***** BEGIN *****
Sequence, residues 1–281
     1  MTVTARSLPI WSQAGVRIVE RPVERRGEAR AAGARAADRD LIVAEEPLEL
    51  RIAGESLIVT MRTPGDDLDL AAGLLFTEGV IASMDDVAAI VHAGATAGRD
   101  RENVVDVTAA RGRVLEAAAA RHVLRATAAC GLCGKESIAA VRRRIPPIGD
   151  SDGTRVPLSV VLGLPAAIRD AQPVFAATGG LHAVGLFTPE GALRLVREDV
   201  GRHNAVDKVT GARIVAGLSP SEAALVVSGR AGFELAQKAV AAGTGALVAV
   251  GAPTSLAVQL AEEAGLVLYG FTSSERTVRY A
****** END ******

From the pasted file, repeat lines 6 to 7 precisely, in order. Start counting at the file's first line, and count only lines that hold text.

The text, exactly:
   201  GRHNAVDKVT GARIVAGLSP SEAALVVSGR AGFELAQKAV AAGTGALVAV
   251  GAPTSLAVQL AEEAGLVLYG FTSSERTVRY A